Names of parts of the human head in Friulian

In Friulian, the human head is called il cjâf, and the head sits upon the neck, or il cuel. On the scalp grows hair; the scalp is called la piel dal cjâf. Taken literally, this means skin of the head, where la piel is the Friulian for skin. A single strand of hair is un cjaveli.

All the hair on one’s scalp is referred to collectively as i cjavei, which is the plural form of il cjaveli. I cjavei may be luncs (long) or curts (short). For instance, al à i cjavei curts means he has short hair, and e à i cjavei luncs means she has long hair. The adjectives luncs and curts are masculine plural in form, to agree with the masculine plural noun i cjavei. The masculine singular forms of these adjectives are lunc and curt.

To talk about the colour of one’s hair, one of these adjectives may be employed: neri (black, dark brown), blanc (white), biont (blond), ros (red), castagn (brown, chestnut brown), grîs (grey). Of course, when talking about hair, the masculine plural forms of these adjectives would be used, which are: neris, blancs, bionts, ros, castagns, grîs. For instance, if a man had white hair, it may be said of him thus: al à i cjavei blancs (he has white hair).

The adjectives scûr (dark) and clâr (light) may also be used; their masculine plural forms are scûrs and clârs. For instance, if one had dark hair, of himself he may say: o ài i cjavei scûrs (I have dark hair). If he had no hair whatsoever left unto him, then he is crop or coç, both of which mean bald. The expression deventâ crop, as an example, means to go bald: al è deventât crop (he has gone bald).

Just below the scalp, on the front of the head, is the brow; in Friulian, the brow is called il cerneli. If one had a great brow, he may say of himself: o ài il cerneli alt (I have a high brow). If he had a small brow, so would he instead say: o ài il cerneli strent (I have a narrow brow). Just behind the brow is found the brain: il cerviel.

Below the brow are the eyes, or i vôi, formed from the singular il voli (eye). One eye, then, is un voli, and two eyes is doi vôi. If one had green eyes, he may say: o ài i vôi verts (I have green eyes). If his eyes were blue, so would he then say: o ài i vôi celescj (I have blue eyes). These adjectives in masculine singular form are vert (green) and celest (light blue). If his eyes were dark, he may say: o ài i vôi scûrs (I have dark eyes); if they were light, he would instead say: o ài i vôi clârs (I have light eyes). If a man’s eyes were protruding, so may it be said of him: al à i vôi infûr (his eyes stick out). If he had good eyesight, it may be said: al à i vôi bogns (he has good eyes). The masculine singular form of bogns is bon (good).

The eyelid is la palpiere in Friulian, whereas the eyebrow is la cee. The plural forms of these nouns are lis palpieris (eyelids) and lis ceis (eyebrows). Like the eyebrows, the eyelashes are called lis ceis, although the term lis ceis de palpiere may also be used for clarity.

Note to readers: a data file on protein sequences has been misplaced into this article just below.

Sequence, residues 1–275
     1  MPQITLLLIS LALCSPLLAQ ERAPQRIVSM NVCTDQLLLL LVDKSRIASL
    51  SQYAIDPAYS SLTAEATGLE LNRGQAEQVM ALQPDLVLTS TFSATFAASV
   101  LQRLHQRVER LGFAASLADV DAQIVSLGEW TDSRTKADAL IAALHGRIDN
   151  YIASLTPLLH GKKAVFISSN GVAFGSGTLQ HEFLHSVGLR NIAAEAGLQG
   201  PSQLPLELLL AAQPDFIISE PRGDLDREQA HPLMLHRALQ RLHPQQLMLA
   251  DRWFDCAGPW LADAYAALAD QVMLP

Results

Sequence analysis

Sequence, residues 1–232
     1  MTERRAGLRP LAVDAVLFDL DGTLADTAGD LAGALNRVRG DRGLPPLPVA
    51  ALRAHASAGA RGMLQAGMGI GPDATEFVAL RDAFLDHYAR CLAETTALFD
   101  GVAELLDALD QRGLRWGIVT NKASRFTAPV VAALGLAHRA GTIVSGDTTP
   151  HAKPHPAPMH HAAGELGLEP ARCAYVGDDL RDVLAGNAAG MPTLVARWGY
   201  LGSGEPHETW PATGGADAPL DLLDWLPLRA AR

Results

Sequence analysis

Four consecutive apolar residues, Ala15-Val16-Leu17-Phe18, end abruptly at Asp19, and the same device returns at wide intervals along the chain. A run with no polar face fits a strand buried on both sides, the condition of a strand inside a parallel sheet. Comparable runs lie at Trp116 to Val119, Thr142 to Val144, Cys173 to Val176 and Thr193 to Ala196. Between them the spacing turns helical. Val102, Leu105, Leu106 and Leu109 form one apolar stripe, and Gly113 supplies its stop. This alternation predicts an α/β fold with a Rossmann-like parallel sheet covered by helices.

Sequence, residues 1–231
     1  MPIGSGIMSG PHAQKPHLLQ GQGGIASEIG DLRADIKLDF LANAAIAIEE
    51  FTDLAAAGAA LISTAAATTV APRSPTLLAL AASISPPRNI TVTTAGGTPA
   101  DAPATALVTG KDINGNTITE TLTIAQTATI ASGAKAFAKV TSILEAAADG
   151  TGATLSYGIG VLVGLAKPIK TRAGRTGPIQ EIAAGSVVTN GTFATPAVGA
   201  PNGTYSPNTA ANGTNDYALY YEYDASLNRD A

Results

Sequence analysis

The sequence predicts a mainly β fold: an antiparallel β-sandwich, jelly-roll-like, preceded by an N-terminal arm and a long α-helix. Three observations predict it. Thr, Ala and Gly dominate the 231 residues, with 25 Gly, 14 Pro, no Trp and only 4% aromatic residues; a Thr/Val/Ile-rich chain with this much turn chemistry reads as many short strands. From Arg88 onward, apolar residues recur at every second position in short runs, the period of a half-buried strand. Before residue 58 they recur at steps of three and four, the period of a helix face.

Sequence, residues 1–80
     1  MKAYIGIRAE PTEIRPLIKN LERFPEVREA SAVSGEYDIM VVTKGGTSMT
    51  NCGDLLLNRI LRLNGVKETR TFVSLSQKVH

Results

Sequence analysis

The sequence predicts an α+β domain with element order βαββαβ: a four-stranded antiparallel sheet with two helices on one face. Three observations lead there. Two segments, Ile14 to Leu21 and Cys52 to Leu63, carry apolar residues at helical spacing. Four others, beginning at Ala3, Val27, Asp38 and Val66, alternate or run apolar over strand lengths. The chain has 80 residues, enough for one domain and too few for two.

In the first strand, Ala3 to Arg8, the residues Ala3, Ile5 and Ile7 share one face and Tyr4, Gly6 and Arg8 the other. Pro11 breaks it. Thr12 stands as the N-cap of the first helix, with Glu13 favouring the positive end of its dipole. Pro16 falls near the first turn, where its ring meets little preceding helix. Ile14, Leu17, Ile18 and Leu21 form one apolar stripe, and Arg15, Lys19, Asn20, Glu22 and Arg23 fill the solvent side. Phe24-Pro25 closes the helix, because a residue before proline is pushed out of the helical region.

Just below the eyes are the cheekbones; in Friulian, the cheekbone is called il mêl de muse. The plural form is i mêi de muse. A man may have freckles on this area of the face; a freckle in Friulian is une pivicje. Al à lis pivicjis, then, means he has freckles, where lis pivicjis is the plural form. If one had freckles, then he is also very likely to be fair-skinned: al à la piel clare (he has fair skin).

Between the eyes is found the nose: il nâs. A nostril of the nose is referred to as une narile; its plural form is lis narilis. But it is also said: la buse dal nâs, or hole of the nose, and such term will be found even in the Bible; its plural is lis busis dal nâs (holes of the nose). A nose may be described as piçul (small), grues (big), prominent (prominent), infûr (sticking out), sfracaiât (flattened), acuilin (hooked; literally, aquiline), sfilât (pointed), stuart (crooked). Al à il nâs stuart, for instance, means he has a crooked nose.

Under the nose is found the mouth; in Friulian, the mouth is called la bocje. A small mouth may be described as une bocje piçule; a broad mouth, une bocje largje. The masculine singular form of largje is larc. On the outside of the mouth are the lips: i lavris. The upper lip is called il lavri parsore; the lower lip is il lavri sot. Inside the mouth are found the teeth and the tongue; the Friulian for tooth is il dint, and for tongue it is la lenghe. The plural of il dint is i dincj (teeth). Of a person with buck teeth, it may be said: al à i dincj infûr (his teeth stick out).

On either side of the mouth is un smursiel (cheek); the plural form is i smursiei. The cheeks are also known as la muse. The lower jaw is called la mandibule; in this zone, a man may have a beard: une barbe. Of course, the beard grows not on the mandible itself, but on the cheeks: su la muse. A man may also have a moustache on the upper lip: une mostacje. The Friulian for moustache is usually employed in the plural: o ài barbe e mostacjis (I have a beard and moustache). An individual hair of the beard or moustache is called un pêl; its plural form is i pêi. For instance, the hairs of the beard is expressed as i pêi de barbe in Friulian. Note that i cjavei is used only to refer to the hair on the top of the head.

A man’s beard also covers the chin: il barbuç. If one had a small chin, it may be said of him thus: al à il barbuç piçul (he has a small chin) or al à il barbuç fracât (he has a receding chin). If his chin were protruding, it may instead be said: al à il barbuç che al ven infûr (he has a chin which sticks out) or al à il barbuç ben segnât (he has a pronounced chin).

On either side of the head is found an ear: une orele; the plural form is lis orelis (ears). Of a one whose ears are prominent, it may be said: al à lis orelis infûr (his ears stick out) or al à lis orelis che a vegnin infûr (he has ears which stick out). If he had trouble hearing, so may it be said: al è dûr di orele (he is hard of hearing).